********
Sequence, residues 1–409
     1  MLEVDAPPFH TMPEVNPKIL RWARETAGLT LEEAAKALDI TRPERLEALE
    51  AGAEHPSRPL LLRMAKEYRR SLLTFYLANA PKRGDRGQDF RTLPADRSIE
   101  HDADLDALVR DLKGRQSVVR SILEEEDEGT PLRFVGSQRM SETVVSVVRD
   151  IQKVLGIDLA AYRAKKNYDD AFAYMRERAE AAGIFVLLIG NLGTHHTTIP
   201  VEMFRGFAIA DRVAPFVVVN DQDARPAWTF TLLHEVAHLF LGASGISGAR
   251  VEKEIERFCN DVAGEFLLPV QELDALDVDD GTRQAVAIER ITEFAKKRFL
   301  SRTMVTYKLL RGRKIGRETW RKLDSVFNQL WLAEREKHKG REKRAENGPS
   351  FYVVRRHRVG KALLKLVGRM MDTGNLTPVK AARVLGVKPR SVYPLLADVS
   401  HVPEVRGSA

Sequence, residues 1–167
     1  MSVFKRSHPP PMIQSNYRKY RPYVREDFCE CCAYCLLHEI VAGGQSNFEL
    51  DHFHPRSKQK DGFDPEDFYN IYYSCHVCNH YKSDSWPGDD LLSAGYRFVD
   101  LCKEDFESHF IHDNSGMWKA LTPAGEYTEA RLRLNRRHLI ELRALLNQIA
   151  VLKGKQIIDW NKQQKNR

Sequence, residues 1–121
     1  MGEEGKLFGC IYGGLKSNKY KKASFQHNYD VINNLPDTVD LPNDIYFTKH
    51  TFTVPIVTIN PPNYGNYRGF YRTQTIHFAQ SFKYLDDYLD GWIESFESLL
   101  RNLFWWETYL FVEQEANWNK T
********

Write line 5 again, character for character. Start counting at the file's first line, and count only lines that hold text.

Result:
   151  IQKVLGIDLA AYRAKKNYDD AFAYMRERAE AAGIFVLLIG NLGTHHTTIP